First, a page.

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The new science resource center on the third floor of the Sciences Library will open Feb. 5 after months of extensive renovations shuttered the floor during the fall, Dean of the College Katherine Bergeron will announce in a campus-wide e-mail Friday. The multi-purpose space will serve as the home base for science education, outreach and support and provide a state-of-the art technological hub for the entire Brown community.

"By next Friday most of the space will be up and running, and we'd like students to be able to start using it right away," Bergeron wrote in an e-mail to The Herald.

The center, which has an official launch party planned for March 3, marks the culmination of a years-long effort stemming from the Undergraduate Science Education Committee's recommendation in 2007 to create a space for science support at the University.

"It's going to bring faculty and students together across different science disciplines," said David Targan, associate dean of the college for science education and the center's director. "There's no place quite like it."

The resource center features flat-screen televisions, glass-paneled walls, a central meeting room with three projectors, individual wood study carrels, an outreach laboratory and six group study rooms, four of which are retrofitted with space for advanced smart boards.

Located throughout the center are also myriad visual displays, including images that can be enhanced with 3-D glasses and are broadcast from observatories and laboratories around the world, a planetary data center and a rotating globe showing the earth's phases of daylight.

An interactive touch screen at the reception area allows students to sign up for study sessions that are already in progress in the center's various rooms and reserve their own study spaces. "We want to pull people in and get them engaged," Targan said. "It's definitely state-of-the-art in terms of a learning space."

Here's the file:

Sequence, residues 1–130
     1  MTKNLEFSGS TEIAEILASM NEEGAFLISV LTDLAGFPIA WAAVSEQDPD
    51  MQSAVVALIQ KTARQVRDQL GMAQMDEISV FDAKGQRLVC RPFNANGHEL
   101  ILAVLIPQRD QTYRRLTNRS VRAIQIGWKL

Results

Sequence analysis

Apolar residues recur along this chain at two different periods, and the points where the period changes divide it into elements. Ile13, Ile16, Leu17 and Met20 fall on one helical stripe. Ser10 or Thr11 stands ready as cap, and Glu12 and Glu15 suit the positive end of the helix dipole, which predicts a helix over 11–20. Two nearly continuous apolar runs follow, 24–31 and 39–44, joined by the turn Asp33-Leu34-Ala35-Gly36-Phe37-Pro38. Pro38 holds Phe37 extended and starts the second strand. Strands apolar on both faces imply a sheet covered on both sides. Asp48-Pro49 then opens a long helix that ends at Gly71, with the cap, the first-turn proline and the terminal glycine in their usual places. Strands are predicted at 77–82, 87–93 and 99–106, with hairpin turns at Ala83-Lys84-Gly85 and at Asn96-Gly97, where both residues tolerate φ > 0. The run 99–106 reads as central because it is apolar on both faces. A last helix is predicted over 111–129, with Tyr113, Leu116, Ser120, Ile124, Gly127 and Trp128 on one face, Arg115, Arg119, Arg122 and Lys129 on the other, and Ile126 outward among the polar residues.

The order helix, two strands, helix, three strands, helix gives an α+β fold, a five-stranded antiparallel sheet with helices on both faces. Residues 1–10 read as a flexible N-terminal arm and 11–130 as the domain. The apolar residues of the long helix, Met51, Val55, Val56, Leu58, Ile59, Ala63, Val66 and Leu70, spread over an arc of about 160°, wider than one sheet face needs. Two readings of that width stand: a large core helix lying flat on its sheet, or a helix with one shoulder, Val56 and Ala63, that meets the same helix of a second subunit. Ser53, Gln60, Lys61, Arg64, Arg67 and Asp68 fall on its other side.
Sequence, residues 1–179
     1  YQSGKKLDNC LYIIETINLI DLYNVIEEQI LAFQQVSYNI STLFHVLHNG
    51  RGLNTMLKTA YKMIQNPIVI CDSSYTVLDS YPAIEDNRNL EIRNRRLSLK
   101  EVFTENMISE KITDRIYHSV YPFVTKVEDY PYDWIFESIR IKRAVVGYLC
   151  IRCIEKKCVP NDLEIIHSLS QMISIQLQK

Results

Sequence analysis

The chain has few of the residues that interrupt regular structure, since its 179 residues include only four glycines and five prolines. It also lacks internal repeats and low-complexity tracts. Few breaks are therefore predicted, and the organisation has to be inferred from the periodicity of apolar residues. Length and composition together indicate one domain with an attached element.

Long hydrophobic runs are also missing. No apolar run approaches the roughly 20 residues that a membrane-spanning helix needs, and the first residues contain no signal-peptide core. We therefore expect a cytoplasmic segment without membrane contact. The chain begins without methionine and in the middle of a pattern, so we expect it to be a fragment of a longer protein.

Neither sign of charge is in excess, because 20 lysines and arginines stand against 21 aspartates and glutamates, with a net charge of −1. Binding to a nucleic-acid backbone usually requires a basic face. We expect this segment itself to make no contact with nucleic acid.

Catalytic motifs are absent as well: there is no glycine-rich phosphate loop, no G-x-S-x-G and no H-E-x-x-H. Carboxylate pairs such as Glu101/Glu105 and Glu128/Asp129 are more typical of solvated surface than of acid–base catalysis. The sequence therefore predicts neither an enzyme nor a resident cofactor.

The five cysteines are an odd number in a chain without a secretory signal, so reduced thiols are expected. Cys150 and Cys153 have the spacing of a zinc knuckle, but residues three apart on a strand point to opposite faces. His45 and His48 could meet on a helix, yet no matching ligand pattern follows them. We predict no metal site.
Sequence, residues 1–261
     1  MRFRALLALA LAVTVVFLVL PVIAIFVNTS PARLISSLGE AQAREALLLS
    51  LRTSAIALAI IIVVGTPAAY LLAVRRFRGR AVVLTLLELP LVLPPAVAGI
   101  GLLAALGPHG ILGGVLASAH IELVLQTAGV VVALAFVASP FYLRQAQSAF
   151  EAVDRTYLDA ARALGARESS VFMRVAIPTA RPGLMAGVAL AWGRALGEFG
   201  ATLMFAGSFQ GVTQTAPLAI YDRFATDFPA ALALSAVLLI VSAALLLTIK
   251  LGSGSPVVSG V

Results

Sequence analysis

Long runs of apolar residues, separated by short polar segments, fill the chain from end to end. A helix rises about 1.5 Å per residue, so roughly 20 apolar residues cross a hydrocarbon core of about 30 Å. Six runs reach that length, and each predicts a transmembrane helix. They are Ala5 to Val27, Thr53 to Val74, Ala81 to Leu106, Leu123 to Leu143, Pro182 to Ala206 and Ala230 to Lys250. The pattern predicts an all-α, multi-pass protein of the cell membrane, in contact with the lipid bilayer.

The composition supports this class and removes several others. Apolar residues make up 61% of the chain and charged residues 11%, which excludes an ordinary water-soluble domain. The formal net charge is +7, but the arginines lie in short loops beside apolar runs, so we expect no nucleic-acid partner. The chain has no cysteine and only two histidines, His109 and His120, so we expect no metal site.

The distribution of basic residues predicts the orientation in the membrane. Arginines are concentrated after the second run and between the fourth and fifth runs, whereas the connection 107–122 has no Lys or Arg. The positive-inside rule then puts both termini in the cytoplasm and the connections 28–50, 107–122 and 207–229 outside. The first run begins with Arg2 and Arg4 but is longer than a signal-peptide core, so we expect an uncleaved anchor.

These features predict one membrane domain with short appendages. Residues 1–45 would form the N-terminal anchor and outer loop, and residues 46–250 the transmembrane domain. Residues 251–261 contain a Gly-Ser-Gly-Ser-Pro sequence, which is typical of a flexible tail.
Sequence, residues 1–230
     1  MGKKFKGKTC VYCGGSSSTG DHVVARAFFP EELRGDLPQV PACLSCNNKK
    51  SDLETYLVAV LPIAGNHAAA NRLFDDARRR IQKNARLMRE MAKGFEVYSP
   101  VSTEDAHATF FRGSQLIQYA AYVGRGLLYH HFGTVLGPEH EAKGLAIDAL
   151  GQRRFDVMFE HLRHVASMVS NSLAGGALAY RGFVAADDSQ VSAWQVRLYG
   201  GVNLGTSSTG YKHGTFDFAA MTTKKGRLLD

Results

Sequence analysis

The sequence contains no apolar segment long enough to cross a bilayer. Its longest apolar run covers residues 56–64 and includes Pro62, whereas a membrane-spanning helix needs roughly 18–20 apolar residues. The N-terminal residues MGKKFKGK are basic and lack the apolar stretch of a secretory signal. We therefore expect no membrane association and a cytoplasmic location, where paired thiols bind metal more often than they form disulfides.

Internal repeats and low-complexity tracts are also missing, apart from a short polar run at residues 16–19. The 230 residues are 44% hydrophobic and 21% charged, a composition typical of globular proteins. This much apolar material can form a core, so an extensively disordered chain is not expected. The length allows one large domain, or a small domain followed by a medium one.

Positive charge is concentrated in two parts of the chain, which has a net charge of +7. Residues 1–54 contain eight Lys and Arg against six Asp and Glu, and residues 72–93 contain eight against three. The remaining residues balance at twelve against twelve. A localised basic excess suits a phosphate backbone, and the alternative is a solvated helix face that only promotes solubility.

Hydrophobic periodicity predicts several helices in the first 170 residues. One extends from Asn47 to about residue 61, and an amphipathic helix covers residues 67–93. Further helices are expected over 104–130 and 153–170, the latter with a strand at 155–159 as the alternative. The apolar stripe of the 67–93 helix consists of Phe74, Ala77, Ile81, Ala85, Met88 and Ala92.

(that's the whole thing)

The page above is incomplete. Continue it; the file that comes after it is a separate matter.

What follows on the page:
The space contains rooms outfitted with white boards and conference tables for more effective group study sessions, a response to recommendations proposed in 2008 by one of the center's focus groups, he said, adding that students will be able to reserve time in the rooms remotely through a Web site. Faculty and advisers will be available throughout the center, which will provide another venue for Brown's "advising-central concept," Targan said.

As part of Brown's efforts to buoy its educational support system, the center will also serve as a locus for a new tutoring program. The program will involve a "group-study model" with an emphasis on study skills and problem-solving techniques for the larger science courses offered, said Instructional Coordinator Sarah Taylor, a specialist in science education and one of the program's coordinators. The pilot support program, which has its first training session for tutors this Saturday, will be offered to students taking CHEM 0350: "Organic Chemistry" and PHYS 0040: "Basic Physics," she said.

"The university is changing the model of how student study groups are available," she said. "It's hopefully something we are going to expand into other gateway courses." 

In addition to providing a hub for the Brown community, the center will also be a space for students and teachers from across Rhode Island to devise experiments and bring them back to their own schools. An "outreach office" on one side of the center contains a lab bench with an overhead camera that projects live images onto a television screen at the front of the room.

"Inquiry-based science is just a much more potent way of science teaching," Targan said. "That just enriches the science education that's going on in the schools."

The University also hopes to procure more science grants by championing the new center, he said, adding that Brown has already hosted meetings with state officials to promote the space.

"We're a rich community engaged in doing science itself," Targan said. "We're trying to generate excitement about science in general and science at Brown."


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